The store was some sixty by thirty two feet. Downstairs it was divided into two rooms; one end was the trading shop with stairs leading to the upper rooms, the other was for furs and had a similar stairs for going up. Each end had a door to enter by. The upper room ran from end to end and was used as the reserve place for keeping the goods for trading, and was seldom entered except when a band of Indians arrived, when the chief factor handed the clerk a new supply.
The chief factor began to miss some cards of rings and earrings, and spoke to the clerk. They were compelled to suspect the old Orkney man, but on account of his long service, instead of accusing him he was sent off to an outpost at the post.
So things went on until the next band of Indians came in, when more jewelry disappeared. Now either the clerk or the factor must be the guilty party. Nothing was said until more Indians arrived. The chief factor, who was watching, saw the clerk take a lantern and the key and enter the shop.
He did the same and got in by the opposite door. Then each one, with a covered lantern, waited to see what would happen. Suddenly something dropped to the ground where the jewelry was kept. At once both lanterns were uncovered and they stood face to face. The chief factor gave a long sermon and told the clerk that he would report him to Sir George Simpson, which meant instant dismissal without a character. As soon as the factor was done, the clerk, knowing well that his word was futile against that of a chief factor, said he would as soon as he got home, publish the truth and show the outside world that one of the honorable chief factors of the Hudson Bay Company was a rogue.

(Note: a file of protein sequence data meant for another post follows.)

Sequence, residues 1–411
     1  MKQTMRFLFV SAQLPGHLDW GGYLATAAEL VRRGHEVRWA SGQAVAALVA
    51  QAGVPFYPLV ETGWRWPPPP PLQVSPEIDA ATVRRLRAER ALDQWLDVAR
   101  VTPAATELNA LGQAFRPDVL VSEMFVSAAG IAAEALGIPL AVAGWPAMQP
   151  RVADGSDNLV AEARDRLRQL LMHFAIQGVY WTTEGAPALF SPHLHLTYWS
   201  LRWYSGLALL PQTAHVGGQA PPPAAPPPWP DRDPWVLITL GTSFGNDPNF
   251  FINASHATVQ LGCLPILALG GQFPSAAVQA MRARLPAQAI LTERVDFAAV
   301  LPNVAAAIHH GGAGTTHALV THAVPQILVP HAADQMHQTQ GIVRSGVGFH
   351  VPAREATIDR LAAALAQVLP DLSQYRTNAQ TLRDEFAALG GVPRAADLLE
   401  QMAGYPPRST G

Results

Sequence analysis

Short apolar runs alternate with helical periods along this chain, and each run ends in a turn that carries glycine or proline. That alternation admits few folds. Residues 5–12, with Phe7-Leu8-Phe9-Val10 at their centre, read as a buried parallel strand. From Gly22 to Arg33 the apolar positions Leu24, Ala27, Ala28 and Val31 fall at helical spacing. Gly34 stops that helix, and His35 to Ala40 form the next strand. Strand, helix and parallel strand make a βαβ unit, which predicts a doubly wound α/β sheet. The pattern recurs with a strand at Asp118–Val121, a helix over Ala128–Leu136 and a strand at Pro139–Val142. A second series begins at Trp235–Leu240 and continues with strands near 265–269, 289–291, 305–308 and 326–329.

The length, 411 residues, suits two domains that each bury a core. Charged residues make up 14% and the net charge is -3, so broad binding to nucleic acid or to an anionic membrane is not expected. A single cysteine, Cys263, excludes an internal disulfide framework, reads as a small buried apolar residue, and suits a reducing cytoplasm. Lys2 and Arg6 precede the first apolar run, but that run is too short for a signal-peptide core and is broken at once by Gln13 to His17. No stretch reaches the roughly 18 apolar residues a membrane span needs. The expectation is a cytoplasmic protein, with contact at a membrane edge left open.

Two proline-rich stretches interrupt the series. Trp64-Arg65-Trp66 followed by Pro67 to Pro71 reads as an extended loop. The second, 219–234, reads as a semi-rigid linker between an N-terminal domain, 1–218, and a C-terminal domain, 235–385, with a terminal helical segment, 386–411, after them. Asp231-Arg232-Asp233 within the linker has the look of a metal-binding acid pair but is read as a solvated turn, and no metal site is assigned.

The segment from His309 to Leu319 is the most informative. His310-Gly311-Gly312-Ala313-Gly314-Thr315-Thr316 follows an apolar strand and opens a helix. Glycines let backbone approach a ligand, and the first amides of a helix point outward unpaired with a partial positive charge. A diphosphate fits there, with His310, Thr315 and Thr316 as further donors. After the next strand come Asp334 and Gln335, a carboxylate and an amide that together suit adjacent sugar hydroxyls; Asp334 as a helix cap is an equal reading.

During this time the card of rings that had fallen close to the wall suddenly disappeared. Both ran to the place and saw an open space between the floor and ceiling and heard the card being drawn along. They tore up some of the floor and there found all of the missing jewelry and a lot of other small things. They set a No. 1 trap, and next morning found the thief dead. He turned out to be a large grey squirrel. They decided to bury him, shake hands and wash out all the bitter words that had passed the night before.
Here was a case of circumstantial evidence. Either of the two would have sworn that the other was guilty, and both would have been wrong.
Moral - Never believe solely in circumstantial evidence.